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I moved to a small river town in 2021 to be closer to the variety of greenspace that it offers. Just outside of my rental house is a Nature Sanctuary and minutes away is a formal park that runs along the Missouri River. Just beside it and along the river there is a less formal park, a big circle with gravel paths that cut through. There is a nice, big dog park there, too. Most days I am out walking in one place or another depending on whether I want sun and river, or hills and forest. It is delightful!

Three years ago, as part of the “renovation” of the less formal park, 1,200 young trees were planted on the north and west sides of the gravel path. Each one was fitted with a very rigid plastic mesh “collar” to keep deer from damaging the bark.  

Last year, as I was walking the paths, it occurred to me that these trees were in trouble. Unless the collars were removed, the trees that were now established would start growing through the mesh which would harm them in the long term. While City Hall was all about planting these trees, it seemed no one was going to make sure they had a good start. I introduced myself to the Superintendent of Parks and said that I wanted to volunteer to remove these collars so the trees could be free to grow naturally. This is a city park and I was a bit worried that I would be rejected right off the bat since I do not have any formal experience with tree maintenance. I have always loved plants and gardening. I realized this task of removing the collars just required a little boldness and a lot of patience and determination. He said there was a contract to maintain them, “Sorry.”

I stated that the trees needed someone who cared about them to do this task and that I was not going to give up.

About 10 days later he texted me and said that the contract fell through, so I had a green light to go ahead. I was pretty excited to liberate them all!

I started on October 1 of 2022 carefully clipping the plastic away from the branches and trunks and removing grass clippings and debris that had accumulated within the collars. After three years with these collars on, many of the Baby tree trunks showed signs of disease and rot due to mold and insect infestation.

Honestly, I felt the relief of these baby trees when they were freed and cleared of the debris.  It became quite a spiritual activity for me as I sat on the ground with gloves and pruners for about an hour or so each day.

I did not get much response from the parkgoers, although someone called the police because I had driven my car (with permission) on the gravel path which was not allowed. A patrol car showed up and said that the complaint came from an alderman but he, himself, thought I was doing a great job! The kerfuffle didn’t amount to anything, and I did quit driving even though it added 20 minutes of walking that I could have used for cutting collars. I was disappointed that something I was doing for the good of the community was not considered by the complainant. I shrugged it off since I was there on behalf of the trees and felt their gratitude. That mattered most. I worked all winter, except on the coldest or wettest days.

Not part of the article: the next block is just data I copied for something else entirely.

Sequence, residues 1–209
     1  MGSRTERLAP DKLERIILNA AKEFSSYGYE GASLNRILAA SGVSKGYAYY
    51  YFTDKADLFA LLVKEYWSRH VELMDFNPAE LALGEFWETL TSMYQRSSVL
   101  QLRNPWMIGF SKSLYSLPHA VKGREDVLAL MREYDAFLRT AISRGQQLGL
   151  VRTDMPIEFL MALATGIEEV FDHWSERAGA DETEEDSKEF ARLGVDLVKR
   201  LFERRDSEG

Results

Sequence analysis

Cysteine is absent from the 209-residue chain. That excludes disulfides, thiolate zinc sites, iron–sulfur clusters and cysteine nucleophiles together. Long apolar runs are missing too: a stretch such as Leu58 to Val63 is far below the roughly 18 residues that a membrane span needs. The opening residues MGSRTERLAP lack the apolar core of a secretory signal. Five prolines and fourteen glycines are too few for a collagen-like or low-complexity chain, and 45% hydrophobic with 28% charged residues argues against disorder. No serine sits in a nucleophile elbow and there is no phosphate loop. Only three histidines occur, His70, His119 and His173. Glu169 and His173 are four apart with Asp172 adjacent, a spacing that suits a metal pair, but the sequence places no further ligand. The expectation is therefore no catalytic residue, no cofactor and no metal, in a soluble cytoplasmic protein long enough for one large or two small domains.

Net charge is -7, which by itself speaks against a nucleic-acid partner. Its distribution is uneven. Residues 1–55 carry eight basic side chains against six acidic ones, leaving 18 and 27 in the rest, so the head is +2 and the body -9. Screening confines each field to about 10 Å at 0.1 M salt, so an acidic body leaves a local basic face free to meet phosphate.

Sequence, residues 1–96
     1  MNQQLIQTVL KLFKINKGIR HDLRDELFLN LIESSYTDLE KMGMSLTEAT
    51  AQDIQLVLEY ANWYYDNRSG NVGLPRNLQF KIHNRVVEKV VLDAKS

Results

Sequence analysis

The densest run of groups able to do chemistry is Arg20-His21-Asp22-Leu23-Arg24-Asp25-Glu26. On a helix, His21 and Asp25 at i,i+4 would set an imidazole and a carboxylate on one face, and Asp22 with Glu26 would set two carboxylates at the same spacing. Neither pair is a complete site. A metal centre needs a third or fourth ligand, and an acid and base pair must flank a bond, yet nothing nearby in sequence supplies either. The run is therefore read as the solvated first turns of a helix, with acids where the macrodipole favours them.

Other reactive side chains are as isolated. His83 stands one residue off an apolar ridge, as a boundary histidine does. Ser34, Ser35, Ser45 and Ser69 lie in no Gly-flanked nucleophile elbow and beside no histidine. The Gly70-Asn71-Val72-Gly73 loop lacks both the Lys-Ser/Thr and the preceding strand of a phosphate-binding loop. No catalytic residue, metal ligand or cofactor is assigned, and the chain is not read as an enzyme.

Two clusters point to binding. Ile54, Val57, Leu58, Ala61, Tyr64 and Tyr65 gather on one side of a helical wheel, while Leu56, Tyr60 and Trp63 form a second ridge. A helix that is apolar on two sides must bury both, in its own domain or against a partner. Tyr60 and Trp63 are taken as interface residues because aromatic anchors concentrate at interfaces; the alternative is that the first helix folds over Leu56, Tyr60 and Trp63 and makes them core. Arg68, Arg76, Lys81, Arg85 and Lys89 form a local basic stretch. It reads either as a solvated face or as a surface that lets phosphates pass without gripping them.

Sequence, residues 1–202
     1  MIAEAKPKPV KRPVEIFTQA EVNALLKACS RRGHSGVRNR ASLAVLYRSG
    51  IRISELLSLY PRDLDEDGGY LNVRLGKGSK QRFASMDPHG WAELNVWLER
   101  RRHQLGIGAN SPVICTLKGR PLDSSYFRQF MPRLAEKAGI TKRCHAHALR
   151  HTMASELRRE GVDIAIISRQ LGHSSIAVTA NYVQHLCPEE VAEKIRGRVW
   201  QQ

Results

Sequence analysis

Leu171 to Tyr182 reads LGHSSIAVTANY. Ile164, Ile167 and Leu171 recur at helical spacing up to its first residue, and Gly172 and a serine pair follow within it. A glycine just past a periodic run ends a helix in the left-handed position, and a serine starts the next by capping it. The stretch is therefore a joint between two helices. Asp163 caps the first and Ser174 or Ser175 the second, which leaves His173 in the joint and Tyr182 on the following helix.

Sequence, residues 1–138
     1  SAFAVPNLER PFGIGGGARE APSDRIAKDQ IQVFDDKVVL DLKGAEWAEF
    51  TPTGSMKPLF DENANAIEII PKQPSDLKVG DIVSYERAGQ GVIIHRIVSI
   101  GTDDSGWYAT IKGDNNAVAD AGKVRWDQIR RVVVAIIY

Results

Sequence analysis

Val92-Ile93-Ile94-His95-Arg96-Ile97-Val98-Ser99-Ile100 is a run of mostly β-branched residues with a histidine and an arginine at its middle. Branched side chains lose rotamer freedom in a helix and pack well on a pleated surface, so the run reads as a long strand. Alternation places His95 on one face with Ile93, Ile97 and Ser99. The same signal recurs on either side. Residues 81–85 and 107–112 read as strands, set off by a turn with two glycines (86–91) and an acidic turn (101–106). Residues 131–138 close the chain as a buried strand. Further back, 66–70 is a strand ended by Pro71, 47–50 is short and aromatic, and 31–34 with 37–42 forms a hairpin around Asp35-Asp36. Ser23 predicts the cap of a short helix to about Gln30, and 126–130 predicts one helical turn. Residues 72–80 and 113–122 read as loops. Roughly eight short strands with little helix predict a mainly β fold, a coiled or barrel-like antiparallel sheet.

Six months later, on March 20, 2023 (the spring equinox!), I removed the last collar from tree # 1,200.    

Vivian and the Trees

This work made me understand that even though the news can be dire about the status of our environment, there are things we all can do that make a difference. It may not change the biggest picture all at once, but change happens one step at a time, one person at a time.  

It was such a meaningful and gratifying experience. I encourage you to see where you are needed.  What/who is calling you?

Vivian Faulkner

I grew up in a very large city with few vistas or greenery and only small patches of sky. I used to find the places that had no straight lines where it was easier to breathe and seemed to make more sense. I now live in a small town in the Midwest where there are wide open spaces and fewer shadows. I am an artist, a translator for plants and animals, and curious about all things in nature. I am currently writing and illustrating a book about my experiences with plants and animals. If you would like to find out more about what I’m doing or would like to share opportunities to further connect with the natural world, you can reach me at: or through my website: VK Animal Communication.

This Post Has 3 Comments

  1. Connie Hernandez

    I love this blog. All of life is made up of little things – little moments. I wish I could say it better but we all need to do the little things that we can do – pick up that one piece of trash, recycle that one bottle, free that one tree. I am impressed and encouraged by your dedication to do this for 1,200 trees. That is one little thing at a time that makes a huge difference. One step at a time and we can change the world. You have made an incredible contribution to that change.

  2. Sondra Subotnick

    Vivian, you are an inspiration. I will be sharing this with my friends. Thank you for your dedication and commitment to live according to your values!!

  3. Maria Pinto

    Thank you, Vivian, for sharing your love, compassion, & commitment to nature. I know these beautiful trees are happy now, and when we take the time to give back to nature, we are nurtured in return.

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